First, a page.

Business Climate

Greece, as a member of the European Union, provides a reasonably hospitable climate for foreign investment. On the upside, Greece’s membership in the EU’s Economic and Monetary Union offers currency stability, the infrastructure has improved significantly in the last five years. Greece is actively positioning itself as a hub for Balkan trade.

The Greek economy has been gradually transforming in ways that improve flexibility and openness, but progress has been slow. Privatization has reduced the state’s dominant role in the economy, and the overall entrepreneurial environment has been enhanced by implementation of a more competitive corporate tax rate and more efficient regulation.

Foreign Trade Zones: Greece has three free-trade zones, located at Piraeus, Thessaloniki and Heraklion port areas. Greek and foreign-owned firms enjoy the same advantages in these areas. Goods of foreign origin may be brought in without payment of customs duties or other taxes and remain free of all duties and taxes if subsequently transshipped or re-exported. Documents pertaining to the receipt, storage, or transfer of goods within the zones are free from stamp taxes.

Handling operations are carried out according to EU regulations. Transit goods may be held in the zones free of bond. The zones also may be used for repackaging, sorting and re-labeling operations. Assembly and manufacture of goods are carried out on a small scale in the Thessaloniki Free Zone. Storage time is unlimited, as long as warehouse charges are paid every six months.

Transparency of Regulatory System: As an EU member, Greece is required to have transparent policies and laws for fostering competition. Foreign companies consider the complexity of government regulations and procedures, and their inconsistent implementation, to be the greatest impediment to investing and operating in Greece. Greece’s economy continues to be hampered by extensive government regulation and many international corporations state that bureaucracy remains the number one impediment to doing business in Greece.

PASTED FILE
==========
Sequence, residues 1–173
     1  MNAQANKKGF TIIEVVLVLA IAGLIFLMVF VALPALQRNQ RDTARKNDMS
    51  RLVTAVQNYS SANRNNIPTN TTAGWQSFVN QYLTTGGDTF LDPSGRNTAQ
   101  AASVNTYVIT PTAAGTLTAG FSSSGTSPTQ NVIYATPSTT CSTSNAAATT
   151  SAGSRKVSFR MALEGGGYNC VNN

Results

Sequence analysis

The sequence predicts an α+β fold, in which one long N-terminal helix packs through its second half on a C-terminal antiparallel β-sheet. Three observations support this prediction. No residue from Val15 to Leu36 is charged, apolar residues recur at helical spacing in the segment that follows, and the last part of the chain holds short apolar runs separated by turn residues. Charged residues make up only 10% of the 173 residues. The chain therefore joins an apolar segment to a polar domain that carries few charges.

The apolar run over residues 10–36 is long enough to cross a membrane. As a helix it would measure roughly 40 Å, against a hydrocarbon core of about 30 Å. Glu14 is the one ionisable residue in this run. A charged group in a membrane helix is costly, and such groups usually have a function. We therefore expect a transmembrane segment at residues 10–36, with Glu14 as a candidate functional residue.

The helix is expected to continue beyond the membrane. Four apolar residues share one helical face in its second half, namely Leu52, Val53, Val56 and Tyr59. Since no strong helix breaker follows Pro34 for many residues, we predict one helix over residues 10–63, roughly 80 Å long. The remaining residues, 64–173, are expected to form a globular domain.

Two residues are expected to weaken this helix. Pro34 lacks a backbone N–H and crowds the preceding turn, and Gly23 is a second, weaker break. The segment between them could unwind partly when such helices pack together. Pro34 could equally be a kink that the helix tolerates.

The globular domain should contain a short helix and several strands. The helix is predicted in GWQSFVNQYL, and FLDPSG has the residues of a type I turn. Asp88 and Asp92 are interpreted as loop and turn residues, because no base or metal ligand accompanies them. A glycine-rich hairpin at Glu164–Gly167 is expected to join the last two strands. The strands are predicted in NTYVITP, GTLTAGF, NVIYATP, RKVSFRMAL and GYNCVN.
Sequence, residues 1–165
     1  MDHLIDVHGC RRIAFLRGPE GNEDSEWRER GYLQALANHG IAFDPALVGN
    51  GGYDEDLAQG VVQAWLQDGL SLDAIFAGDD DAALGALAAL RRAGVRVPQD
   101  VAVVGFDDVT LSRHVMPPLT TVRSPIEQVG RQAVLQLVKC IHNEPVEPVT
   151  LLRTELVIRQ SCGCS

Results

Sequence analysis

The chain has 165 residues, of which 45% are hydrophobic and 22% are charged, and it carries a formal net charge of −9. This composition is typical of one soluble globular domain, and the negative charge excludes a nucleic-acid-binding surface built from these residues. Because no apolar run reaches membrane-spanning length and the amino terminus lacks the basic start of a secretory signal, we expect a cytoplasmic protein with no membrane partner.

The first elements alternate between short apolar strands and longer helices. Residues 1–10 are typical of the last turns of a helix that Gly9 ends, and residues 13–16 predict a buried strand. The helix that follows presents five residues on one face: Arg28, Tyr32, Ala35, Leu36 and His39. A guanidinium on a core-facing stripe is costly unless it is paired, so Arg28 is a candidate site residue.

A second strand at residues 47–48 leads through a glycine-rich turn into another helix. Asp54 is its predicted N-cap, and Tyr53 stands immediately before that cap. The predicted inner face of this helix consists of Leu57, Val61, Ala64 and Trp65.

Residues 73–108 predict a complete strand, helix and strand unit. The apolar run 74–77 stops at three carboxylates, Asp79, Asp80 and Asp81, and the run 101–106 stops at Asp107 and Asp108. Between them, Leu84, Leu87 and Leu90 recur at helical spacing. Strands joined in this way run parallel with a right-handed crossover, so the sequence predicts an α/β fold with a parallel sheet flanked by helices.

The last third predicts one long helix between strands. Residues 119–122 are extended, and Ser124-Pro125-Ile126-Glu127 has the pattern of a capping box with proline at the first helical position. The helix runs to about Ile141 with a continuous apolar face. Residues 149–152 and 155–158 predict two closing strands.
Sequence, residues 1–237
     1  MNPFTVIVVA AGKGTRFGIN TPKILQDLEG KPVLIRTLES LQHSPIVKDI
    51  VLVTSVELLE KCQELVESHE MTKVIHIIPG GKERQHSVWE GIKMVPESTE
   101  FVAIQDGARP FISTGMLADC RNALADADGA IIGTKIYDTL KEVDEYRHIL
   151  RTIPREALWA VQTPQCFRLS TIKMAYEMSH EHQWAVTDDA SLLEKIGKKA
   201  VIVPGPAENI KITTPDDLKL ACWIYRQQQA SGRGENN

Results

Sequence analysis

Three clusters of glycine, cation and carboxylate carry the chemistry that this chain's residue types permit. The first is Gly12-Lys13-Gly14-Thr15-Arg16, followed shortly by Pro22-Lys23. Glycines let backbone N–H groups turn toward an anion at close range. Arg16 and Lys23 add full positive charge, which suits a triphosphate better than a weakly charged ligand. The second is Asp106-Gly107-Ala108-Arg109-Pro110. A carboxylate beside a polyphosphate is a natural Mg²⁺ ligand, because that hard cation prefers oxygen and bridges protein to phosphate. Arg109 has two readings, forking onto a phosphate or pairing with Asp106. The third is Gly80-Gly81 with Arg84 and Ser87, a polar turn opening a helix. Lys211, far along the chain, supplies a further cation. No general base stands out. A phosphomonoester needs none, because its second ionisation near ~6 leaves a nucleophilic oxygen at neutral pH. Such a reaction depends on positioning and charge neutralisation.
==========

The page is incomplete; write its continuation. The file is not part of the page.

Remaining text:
Intellectual Property: Implementation and enforcement of copyright protections are not rigorous. As a result, intellectual property problems continue in Greece despite its membership in the Paris Convention for the Protection of Industrial Property, the European Patent Convention, the World Intellectual Property Organization, the Washington Patent Cooperation Treaty, and the Bern Copyright Convention.

Greece lags in the implementation of enforcement of intellectual property rights (IPR). The judiciary is not focused on the issue and has little training on IPR issues. The lack of enforcement resulted in Greece being placed on the U.S. Special 301 Watch List.

Audiovisual, music, and software industries bear the brunt of IPR violations in Greece. This is likely to rise with increased penetration of the internet. Unlicensed sharing of a licensed copy among multiple computers is the largest problem for the software industry, while street vending of DVDs and CDs is a common practice.

Trademark violations, especially in the apparel sector, are an area of some concern. Although Greek trademark legislation is fully harmonized with that of the EU, US companies believe the importation and sale of counterfeit products may be increasing.

Corruption: Although the Greek government has been energetically prosecuting corrupt judges and attorneys in the last few years, problems with corruption still exist. Greece ranked 60th in the 2019 Transparency International Corruption Perception Index. The score reflects insufficient levels of anti-corruption enforcement, lengthy delays in the judicial process and systemic weaknesses which have resulted in a number of recent corporate corruption scandals.

Economic Freedom: Greece’s economic freedom score is 57.7, making its economy the 106th freest in the 2019 Index of Economic Freedom. Its overall score has increased by 0.4 point from last year. Greece is ranked 43rd out of 44 countries in the European region, though its overall score is above the world average.